Kay’s active research projects include a BELMAS funded investigation into women’s leadership preparation within secondary school senior leadership teams and an exploration of values-led school leadership in Birmingham and Shanghai with Dr Xia Li form Shanghai Normal University. She is Principal Investigator of both.

Kay’s work in Higher Education follows two successful careers in retail management and secondary school English teaching and leadership. Kay has worked in five mixed comprehensive schools in three local authorities: Sandwell, Birmingham and Worcestershire. As Head of English she led a successful English department to raise the achievement of children and young people. Having led the school in their school development planning, she took on the role of deputy headteacher at a large Birmingham comprehensive school.


Fuller, K. (in press) Gendered educational leadership: beneath the monoglossic facade, Gender and Education.

Fuller, K. (2014) Looking for the women in Baron and Taylor’s (1969) Educational Administration and the Social Sciences Journal of Educational Administration and History.

Fuller, K. (2013) Gender, Identity and Educational Leadership, London: Bloomsbury.

Fuller, K., Parsons, S., MacNab, N. and Thomas, H. (2013) How far is leadership distributed in extended services?, Educational Management Administration and Leadership

Fuller, K. (2012) Leading with emancipatory intent: Headteachers' approaches to pupil diversity, Educational Management Administration and Leadership 40, 6, 672 -689.

Fuller, K. (2010) Talking about gendered headship: how do women and men working in schools conceive and articulate notions of gender? Journal of Educational Administration and History. ISSN: 0022-0620.DOI: 10.1080/00220620.2010.514041

Fuller, K. (2010) English lessons: children’s poetic perspectives, English in Education, 44, 2, 146-163. ISSN: 0425-0494.  DOI: 10.1111/j.1754-8845.2010.01062.x

Fuller, K. (2009) Women secondary head teachers: Alive and well in Birmingham at the beginning of the twenty-first century, Management in Education, 23, 1, 19-31. ISSN: 0892-0206.    DOI: 10.1177/089202060809907

Dr Surinder Guru

Dr Surinder Guru teaches on the Social Work Programmes in the Institute of Applied and Social Studies. Her research interests explore intersections of race, gender and class, particularly in relations to family processes concerning minority ethnic groups in Britain.  Her current research is examines the impact of counter-terrorism polices on the families of detainees held under the terrorist legislation. She is also developing work around issues regarding the recent debates highlighted in the media about the sexual exploitation and abuse of young girls within and outside of South Asian communities.  She is interested in developing the international context of social work issues through research and international exchanges; this includes the development of social work education curriculum on aspects of international social work, including  asylum seekers and political conflict.  She is the co-chair of the International Sub-committee of Social Work Education Committee (Joint University Council’s).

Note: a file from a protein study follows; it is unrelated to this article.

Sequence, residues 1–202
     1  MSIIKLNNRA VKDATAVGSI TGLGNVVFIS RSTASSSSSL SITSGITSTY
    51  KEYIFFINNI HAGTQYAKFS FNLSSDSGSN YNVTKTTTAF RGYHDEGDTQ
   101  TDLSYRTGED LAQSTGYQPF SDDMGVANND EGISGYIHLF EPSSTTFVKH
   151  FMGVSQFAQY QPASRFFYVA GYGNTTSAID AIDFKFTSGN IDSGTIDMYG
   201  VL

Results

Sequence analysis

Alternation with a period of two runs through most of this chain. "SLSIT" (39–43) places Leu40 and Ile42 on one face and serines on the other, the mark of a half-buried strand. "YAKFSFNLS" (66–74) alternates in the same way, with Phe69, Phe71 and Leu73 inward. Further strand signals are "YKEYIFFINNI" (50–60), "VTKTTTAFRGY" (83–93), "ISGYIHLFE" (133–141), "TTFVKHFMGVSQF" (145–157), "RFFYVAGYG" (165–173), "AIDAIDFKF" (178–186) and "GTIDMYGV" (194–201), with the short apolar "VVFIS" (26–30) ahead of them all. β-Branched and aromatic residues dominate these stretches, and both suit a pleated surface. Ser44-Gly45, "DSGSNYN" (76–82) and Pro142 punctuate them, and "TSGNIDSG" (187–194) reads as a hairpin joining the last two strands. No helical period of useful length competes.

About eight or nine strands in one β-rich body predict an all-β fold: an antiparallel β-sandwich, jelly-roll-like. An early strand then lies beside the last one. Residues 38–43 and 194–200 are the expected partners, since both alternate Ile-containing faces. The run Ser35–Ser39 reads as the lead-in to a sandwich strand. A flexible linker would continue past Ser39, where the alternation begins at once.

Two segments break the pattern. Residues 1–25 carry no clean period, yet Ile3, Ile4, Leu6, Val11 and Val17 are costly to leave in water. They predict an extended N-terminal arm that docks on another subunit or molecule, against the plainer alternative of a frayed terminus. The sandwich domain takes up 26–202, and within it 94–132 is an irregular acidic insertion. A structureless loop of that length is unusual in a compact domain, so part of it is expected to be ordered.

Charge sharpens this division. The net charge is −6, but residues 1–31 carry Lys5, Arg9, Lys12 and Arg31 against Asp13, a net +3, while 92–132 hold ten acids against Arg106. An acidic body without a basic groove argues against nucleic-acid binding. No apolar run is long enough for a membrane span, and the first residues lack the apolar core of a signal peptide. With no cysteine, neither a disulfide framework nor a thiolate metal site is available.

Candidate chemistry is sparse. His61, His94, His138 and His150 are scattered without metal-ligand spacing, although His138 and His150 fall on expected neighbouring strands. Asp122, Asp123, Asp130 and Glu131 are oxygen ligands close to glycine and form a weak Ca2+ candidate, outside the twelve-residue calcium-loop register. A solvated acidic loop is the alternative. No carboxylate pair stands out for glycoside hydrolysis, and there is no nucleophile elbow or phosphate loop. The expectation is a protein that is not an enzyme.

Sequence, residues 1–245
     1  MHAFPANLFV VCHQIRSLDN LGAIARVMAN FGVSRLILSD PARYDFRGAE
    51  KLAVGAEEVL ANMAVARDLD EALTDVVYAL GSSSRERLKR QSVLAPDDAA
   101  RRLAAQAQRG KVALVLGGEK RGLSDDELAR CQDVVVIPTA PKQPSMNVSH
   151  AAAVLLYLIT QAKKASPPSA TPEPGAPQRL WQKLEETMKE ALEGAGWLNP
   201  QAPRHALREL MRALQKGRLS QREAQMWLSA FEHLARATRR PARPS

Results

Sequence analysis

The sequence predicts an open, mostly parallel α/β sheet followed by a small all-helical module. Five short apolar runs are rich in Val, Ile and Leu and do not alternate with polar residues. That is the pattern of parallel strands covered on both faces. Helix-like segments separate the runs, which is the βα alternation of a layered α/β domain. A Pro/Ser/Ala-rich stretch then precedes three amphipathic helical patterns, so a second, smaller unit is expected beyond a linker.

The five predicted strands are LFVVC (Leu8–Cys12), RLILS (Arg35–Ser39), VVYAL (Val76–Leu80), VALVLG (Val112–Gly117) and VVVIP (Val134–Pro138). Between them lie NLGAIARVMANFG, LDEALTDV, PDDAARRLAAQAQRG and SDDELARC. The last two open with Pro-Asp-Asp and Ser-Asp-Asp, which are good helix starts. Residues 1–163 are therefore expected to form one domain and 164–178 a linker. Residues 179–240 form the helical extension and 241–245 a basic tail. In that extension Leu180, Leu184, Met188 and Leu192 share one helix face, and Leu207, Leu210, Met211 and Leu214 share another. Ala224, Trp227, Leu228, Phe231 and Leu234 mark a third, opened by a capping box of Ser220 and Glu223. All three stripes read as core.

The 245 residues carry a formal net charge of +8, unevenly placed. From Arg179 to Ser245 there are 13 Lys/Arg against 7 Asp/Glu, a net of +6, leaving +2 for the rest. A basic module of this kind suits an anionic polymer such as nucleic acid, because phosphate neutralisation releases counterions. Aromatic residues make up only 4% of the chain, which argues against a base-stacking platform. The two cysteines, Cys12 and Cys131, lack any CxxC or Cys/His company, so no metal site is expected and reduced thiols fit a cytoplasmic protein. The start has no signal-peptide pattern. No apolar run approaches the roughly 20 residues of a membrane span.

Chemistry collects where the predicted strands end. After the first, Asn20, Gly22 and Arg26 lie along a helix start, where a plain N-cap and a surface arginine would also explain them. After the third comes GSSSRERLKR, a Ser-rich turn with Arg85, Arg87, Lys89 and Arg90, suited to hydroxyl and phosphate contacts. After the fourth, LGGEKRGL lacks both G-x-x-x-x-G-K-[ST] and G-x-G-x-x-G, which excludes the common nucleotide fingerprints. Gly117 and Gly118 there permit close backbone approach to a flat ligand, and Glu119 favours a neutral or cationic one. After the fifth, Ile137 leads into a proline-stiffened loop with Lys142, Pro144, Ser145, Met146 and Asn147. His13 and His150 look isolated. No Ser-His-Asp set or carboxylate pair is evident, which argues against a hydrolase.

Relevant Publications

Duffy, J., Ramon, S., Guru, S., Lindsay, J., Cemlyn, S. and Nuttman-Shwartz, O. (2013) Developing a social work curriculum on political conflict: findings from an IASSW-funded project, European Journal of Social Work, DOI:10.1080/13691457.2012.757215

Duffy, J., Ramon, S.,Guru.S., Lindsay, J., Cemlyn, S., and Nuttman-Shwartz, O. (2013) Developing a social work curriculum on political conflict: findings from an IASSW-funded project, European Journal of Social Work (ttp://  

Guru, S, (2012) Under Siege: Families of Counter-Terrorism, British Journal of Social Work, Vol. 42 (6) pp 1151-1173.

Guru, S. (2012) Reflection on research: Families affected by counter-terrorism in the UK, International Social Work, 55:5:689-703.

Guru, S. (2010) Social  Work and the ‘War on Terror’, British Journal of Social Work.   Br J Soc Work, 40(1): 272-289.

Guru, S.  (2009) Divorce Obstacles & Opportunities,  The Sociological Review, 57 (2): 285-305.  

Guru, S. (2006) Working with Asian Perpetrators of Domestic Violence — The British Experience, Practice, Vol. 18 (3) 153-166.

Guru, S. (2003) Transmission and Transformation of Asian Femininity in Everyday Life, (2003) Everyday Cultures Working Papers, National Everyday Cultures Programme, Open University, Everyday Culture Programme.